13 February, 2015
I can’t believe that it is already time for me to say goodbye! My time in St.Petersburg has been wonderful, and I am sad to have to leave. It was only 6 weeks ago that I arrived, and time flew by very quickly!
When I first arrived here I was so nervous and had so many questions. What will Russian people and culture be like? Will I like it here? How do I use the metro or a Russian ATM? How do I check into a hostel? How do I ask for directions? There were so many questions troubling me, that all seem so simple now. Although my language is still at a beginner’s level, I can say that I have improved immensely, and taking classes at Liden & Denz as well as practicing with locals has made me significantly more confident in my Russian language abilities.
My trip started a few days before I began my classes and work as an editorial assistant, and I am so happy that I made that decision. It was very helpful to take some time to get over jet lag and slowly get to know the city, and I would highly recommend that other travelers do the same. I began my trip by wandering around the city a lot, getting to know the Petrograd area where I was living, and people watching. Coming from the United States made me very naive to what Russia would be like, as there are many stereotypes and ideas that I knew would be untrue, yet still gave me a false idea about what to expect.
Luckily, I discovered that people are people, no matter where you are. Stereotypes are fueled by politics that have nearly nothing to do with the people that you will meet while traveling, and these prejudices have nothing good come from them. While living anywhere you will meet people who are friendly and helpful, and you will meet people that want nothing to do with you. It’s important to learn to look past this, and not make negative generalizations. While Russia and Russian culture is very different from United States culture, there are many similarities as well. Both cultures have their good and bad sides, and I think that it is important to remember this. It can be easy to be ethnocentric, but you won’t get as much out of your experience if you do. And if you open up your mind to new experiences, ideas, and cultures it will allow you to go home with a new set of eyes. You can learn to appreciate your own culture in a new way, and help to break down those negative stereotypes.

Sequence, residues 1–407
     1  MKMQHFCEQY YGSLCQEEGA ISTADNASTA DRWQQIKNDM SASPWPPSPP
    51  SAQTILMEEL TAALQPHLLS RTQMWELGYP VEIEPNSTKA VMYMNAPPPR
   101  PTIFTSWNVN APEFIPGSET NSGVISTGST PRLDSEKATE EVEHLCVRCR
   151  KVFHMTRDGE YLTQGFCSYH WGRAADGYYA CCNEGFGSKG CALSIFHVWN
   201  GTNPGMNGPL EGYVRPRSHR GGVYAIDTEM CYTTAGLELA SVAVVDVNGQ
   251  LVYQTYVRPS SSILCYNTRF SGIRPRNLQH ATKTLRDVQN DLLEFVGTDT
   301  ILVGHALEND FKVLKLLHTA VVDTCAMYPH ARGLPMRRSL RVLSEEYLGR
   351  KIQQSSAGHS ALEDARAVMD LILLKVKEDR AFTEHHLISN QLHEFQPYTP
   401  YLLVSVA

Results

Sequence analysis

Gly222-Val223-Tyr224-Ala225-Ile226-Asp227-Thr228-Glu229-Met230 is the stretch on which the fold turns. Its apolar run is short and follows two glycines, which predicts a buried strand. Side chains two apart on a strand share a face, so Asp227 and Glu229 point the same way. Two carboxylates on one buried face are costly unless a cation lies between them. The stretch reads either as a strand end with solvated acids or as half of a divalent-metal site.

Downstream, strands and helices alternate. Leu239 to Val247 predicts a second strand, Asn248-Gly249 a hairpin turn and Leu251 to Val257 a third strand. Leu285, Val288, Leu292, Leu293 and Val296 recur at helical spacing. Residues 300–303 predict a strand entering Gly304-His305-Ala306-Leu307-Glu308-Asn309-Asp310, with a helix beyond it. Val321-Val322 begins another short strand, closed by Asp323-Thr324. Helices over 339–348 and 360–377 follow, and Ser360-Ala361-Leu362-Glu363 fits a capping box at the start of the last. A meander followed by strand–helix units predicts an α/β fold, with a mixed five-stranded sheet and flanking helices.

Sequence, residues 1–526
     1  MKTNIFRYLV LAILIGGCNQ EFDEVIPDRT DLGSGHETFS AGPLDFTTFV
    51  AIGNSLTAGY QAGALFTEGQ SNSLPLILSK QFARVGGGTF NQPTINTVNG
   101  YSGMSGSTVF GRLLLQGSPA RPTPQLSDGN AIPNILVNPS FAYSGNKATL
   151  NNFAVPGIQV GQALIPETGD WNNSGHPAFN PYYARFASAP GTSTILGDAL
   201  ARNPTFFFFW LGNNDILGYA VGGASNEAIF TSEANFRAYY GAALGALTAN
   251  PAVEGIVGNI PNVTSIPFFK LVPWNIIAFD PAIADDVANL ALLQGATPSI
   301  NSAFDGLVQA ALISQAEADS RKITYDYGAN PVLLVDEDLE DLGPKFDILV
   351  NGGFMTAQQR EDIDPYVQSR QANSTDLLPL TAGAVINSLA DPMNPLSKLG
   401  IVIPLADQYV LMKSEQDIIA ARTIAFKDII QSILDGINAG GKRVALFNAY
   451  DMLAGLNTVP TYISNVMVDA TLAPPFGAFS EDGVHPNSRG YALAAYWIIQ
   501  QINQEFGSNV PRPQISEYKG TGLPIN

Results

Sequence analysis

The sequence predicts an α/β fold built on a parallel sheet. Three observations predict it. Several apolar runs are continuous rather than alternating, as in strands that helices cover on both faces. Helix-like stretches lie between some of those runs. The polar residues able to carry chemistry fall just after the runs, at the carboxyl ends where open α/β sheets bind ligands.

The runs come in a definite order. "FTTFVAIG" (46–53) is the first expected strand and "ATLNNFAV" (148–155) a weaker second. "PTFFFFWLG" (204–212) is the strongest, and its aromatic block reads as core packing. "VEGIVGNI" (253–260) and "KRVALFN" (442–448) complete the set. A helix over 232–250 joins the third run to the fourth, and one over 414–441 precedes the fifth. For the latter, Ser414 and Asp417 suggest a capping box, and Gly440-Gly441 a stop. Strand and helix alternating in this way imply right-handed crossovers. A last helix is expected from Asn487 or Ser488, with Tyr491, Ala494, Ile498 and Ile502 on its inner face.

I will value my time in Russia for the rest of my life, and I can’t wait to come back. The experiences that I had and the friends that I made were priceless, and I couldn’t have wished for more. I will continue to study Russian language, politics, and history, and hope to come back again soon. Until then, пока пока!
I just thought that I would throw out a few suggestions of unique places to visit if you get the chance. These quirky bars, restaurants, and museums were some great places that didn’t make it into other posts. I hope you enjoy!
- Фарш и бочка (Farsh i Bochka)- A great bar that has a HUGE selection of beers on tap. They have both domestic and foreign beers available, and some interesting choices. I would recommend the Red Machine IPA from Moscow- yum! They also serve sausages and fries if you’re feeling hungry. Location: Belinskogo, 11
- Zhelyabova 25 Pyshechnaya- This Soviet donut shop is named after the old street name, and has been around for over 50 years. They serve delicious donuts made from the original recipe for only 13 rubles. Coffee for 25 rubles, served with milk and sugar. Location: Bolshaya Konyushennaya, 25
- Республика кошек (Cat’s Republic)- A “museum”, gift shop, and cafe, this place has everything cat related. The museum is basically just an area where you can to walk through and play with or pet some happy, friendly cats. The staff is nice, all menu items have cat puns in the names (it’s not кофе с молоком its кофе с молоКОТ), and the gift shop has everything a cat lover could ever want. Location: Yakubovicha, 10
- Barakobamabar- As an American I had to go here just to see what it would be like! It’s really more of a club that was hard to find in the far back of a courtyard. All of the staff wear shirts with Obama’s signature printed on the back, and they make a delicious gin and tonic (with a grapefruit slice, mmmm). Location: Konyushennaya ploshchad’, 2
- Bgl Market Cafe- This cafe is a off the beaten track and is a perfect place to grab lunch on a rainy Sunday. They serve bagel sandwiches, made on fresh baked bagels, and a wide selection of ingredients. With a warm welcoming interior, great coffee, board games, and wifi it’s worth a visit. Location: nab reki Fontanki 96
- Cтирка 40 (Strika 40)- A cosy bar that is located in a laundromat. It has a “hipster” kind of feel to it, and is worth checking out. Drink a beer while washing your clothes? Count me in. Location: Kazanskaya, 26
- Vinastudia- This is a great place to go if you feel like throwing on a pair of heels and a little black dress. Vinastudia is a classy little wine bar that offers a good selection at decent prices, with a beautiful interior and in a nice location. Location: Rubinshteyna 38
This blog was brought to you by Allison, currently studying Russian at Liden and Denz